English Standard Version
And when he sent word to Moses, “I, your father-in-law Jethro, am coming to you with your wife and her two sons with her,”
King James Bible
And he said unto Moses, I thy father in law Jethro am come unto thee, and thy wife, and her two sons with her.
American Standard Version
and he said unto Moses, I, thy father-in-law Jethro, am come unto thee, and thy wife, and her two sons with her.
And he sent word to Moses, saying: I Jethro thy kinsman come to thee, and thy wife, and thy two sons with her.
English Revised Version
and he said unto Moses, I thy father in law Jethro am come unto thee, and thy wife, and her two sons with her.
Webster's Bible Translation
And he said to Moses, I thy father-in-law Jethro have come to thee, and thy wife, and her two sons with her.
Exodus 18:6 Parallel
CommentaryKeil and Delitzsch Biblical Commentary on the Old Testament
To praise God for His help, Moses built an altar, which he called "Jehovah my banner," and said, when he did so, "The hand on the throne (or banner) of Jah! War to the Lord from generation to generation!" There is nothing said about sacrifices being offered upon this altar. It has been conjectured, therefore, that as a place of worship and thank-offering, the altar with its expressive name was merely to serve as a memorial to posterity of the gracious help of the Lord, and that the words which were spoken by Moses were to serve as a watchword for Israel, keeping this act of God in lively remembrance among the people in all succeeding generations. כּי (Exodus 17:16) merely introduces the words as in Genesis 4:23, etc. The expression יהּ על־כּס יד is obscure, chiefly on account of the ἁπ λεγ. כּס. In the ancient versions (with the exception of the Septuagint, in which יה כץ is treated as one word, and rendered κρυφαία) כּס is taken to be equivalent to כּסּה (1 Kings 10:19; Job 26:9) for כּסּא, and the clause is rendered "the hand upon the throne of the Lord." But whilst some understand the laying of the hand (sc., of God) upon the throne to be expressive of the attitude of swearing, others regard the hand as symbolical of power. There are others again, like Clericus, who suppose the hand to denote the hand laid by the Amalekites upon the throne of the Lord, i.e., on Israel. But if כּס signifies throng or adytum arcanum, the words can hardly be understood in any other sense than "the hand lifted up to the throne of Jehovah in heaven, war to the Lord," etc.; and thus understood, they can only contain an admonition to Israel to follow the example of Moses, and wage war against Amalek with the hands lifted up to the throne of Jehovah. Modern expositors, however, for the most part regard כּס as a corruption of נס, "the hand on the banner of the Lord." But even admitting this, though many objections may be offered to its correctness, we must not understand by "the banner of Jehovah" the staff of Moses, but only the altar with the name Jehovah-nissi, as the symbol or memorial of the victorious help afforded by God in the battle with the Amalekites.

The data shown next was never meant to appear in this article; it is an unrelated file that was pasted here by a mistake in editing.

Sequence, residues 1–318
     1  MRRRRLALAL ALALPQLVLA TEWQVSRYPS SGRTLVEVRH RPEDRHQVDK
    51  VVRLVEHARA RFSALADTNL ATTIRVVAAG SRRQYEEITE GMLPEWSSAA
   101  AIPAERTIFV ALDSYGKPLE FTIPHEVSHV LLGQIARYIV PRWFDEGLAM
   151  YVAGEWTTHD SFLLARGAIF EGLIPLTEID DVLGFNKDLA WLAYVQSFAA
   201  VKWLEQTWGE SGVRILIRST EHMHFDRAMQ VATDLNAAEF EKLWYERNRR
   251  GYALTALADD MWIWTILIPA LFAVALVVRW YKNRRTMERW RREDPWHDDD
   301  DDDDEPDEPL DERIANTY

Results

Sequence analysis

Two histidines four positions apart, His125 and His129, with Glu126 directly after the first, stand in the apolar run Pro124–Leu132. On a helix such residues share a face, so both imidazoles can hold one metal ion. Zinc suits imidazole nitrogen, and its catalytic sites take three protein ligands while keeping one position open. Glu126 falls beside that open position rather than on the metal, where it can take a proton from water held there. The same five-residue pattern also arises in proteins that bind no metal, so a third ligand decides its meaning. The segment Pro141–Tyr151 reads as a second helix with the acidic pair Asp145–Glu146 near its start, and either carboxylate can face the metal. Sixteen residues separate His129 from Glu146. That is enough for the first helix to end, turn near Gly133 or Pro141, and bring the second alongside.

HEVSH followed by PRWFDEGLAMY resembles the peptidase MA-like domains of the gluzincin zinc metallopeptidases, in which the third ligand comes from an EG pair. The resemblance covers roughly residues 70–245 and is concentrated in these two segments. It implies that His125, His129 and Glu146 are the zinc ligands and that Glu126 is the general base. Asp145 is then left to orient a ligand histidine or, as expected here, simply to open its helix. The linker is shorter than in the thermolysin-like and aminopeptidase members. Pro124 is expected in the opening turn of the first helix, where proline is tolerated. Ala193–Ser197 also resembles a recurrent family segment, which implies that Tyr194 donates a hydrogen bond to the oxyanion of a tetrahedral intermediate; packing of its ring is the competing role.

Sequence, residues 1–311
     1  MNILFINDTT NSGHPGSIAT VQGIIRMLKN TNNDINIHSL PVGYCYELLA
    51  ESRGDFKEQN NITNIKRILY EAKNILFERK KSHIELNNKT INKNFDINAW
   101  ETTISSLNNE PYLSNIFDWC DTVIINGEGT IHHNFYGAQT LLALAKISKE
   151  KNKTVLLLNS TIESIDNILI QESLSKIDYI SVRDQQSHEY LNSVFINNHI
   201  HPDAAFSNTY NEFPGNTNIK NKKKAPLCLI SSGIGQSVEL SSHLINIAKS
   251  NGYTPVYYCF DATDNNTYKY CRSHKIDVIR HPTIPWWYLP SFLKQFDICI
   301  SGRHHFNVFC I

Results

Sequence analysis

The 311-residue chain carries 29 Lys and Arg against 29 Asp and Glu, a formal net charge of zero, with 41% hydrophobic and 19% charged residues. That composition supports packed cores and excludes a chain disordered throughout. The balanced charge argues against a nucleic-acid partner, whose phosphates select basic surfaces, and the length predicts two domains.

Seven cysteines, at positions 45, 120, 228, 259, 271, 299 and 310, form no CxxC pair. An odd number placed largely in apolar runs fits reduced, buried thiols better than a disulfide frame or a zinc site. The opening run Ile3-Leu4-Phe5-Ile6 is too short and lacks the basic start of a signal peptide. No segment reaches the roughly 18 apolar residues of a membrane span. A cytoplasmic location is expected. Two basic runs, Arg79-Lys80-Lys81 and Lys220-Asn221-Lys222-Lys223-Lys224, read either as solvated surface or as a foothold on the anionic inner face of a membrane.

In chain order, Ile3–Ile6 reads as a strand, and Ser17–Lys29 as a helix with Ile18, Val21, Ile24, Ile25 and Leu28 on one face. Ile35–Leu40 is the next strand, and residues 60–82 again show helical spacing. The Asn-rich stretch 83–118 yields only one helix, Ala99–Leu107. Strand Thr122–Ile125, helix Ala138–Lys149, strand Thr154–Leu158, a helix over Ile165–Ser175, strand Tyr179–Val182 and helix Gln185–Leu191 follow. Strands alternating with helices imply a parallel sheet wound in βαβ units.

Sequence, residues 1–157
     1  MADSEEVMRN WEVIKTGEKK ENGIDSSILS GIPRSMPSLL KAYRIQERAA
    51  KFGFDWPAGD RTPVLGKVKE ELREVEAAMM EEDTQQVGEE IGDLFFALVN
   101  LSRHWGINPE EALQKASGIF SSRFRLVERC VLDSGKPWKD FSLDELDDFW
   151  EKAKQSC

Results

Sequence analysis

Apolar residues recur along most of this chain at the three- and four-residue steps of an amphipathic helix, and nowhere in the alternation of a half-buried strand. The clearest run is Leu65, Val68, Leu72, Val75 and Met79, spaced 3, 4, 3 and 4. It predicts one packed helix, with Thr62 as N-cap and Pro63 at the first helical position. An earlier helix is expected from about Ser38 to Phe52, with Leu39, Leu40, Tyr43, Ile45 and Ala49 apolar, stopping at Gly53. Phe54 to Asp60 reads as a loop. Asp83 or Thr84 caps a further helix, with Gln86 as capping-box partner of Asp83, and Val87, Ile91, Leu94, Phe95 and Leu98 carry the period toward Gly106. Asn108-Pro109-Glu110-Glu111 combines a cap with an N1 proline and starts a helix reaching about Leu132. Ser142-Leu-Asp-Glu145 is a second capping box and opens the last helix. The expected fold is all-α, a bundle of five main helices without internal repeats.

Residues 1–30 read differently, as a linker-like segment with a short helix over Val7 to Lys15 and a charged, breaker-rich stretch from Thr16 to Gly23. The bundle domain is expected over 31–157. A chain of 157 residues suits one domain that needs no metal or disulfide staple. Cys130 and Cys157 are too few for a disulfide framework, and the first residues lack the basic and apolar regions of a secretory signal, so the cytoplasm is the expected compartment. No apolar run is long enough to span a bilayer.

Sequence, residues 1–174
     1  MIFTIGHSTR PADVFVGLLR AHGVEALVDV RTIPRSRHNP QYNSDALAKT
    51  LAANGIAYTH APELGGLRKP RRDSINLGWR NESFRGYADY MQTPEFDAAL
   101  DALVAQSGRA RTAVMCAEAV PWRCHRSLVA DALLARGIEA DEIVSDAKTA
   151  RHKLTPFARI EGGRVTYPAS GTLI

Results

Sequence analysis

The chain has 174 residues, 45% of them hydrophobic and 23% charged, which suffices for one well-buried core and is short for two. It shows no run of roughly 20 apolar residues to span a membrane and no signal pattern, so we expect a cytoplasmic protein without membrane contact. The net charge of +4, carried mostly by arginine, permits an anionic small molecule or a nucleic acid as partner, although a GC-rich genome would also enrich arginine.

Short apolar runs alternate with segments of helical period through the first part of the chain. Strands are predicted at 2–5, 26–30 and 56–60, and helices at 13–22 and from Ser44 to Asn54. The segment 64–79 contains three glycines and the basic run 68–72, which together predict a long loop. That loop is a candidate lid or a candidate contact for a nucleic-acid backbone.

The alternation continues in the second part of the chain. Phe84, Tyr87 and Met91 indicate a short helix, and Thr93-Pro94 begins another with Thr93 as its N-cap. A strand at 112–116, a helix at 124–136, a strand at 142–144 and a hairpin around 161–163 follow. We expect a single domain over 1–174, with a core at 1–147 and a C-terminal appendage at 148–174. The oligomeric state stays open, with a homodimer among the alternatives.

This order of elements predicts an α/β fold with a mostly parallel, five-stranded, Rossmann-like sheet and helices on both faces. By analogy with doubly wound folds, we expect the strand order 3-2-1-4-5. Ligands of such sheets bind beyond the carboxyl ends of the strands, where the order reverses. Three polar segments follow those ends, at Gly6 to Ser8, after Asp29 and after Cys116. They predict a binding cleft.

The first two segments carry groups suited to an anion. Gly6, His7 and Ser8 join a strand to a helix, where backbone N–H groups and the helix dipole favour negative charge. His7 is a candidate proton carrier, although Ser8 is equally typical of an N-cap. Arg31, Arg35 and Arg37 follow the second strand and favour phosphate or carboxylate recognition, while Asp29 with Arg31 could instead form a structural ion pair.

Treasury of Scripture Knowledge
Jethro, Moses' father-in-law, came with his sons and his wife to Moses in the wilderness where he was encamped at the mountain of God.
Moses went out to meet his father-in-law and bowed down and kissed him. And they asked each other of their welfare and went into the tent.
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ESV Text Edition 2011: The Holy Bible, English Standard Version® copyright © 2001 by Crossway Bibles, a publishing ministry of Good News Publishers.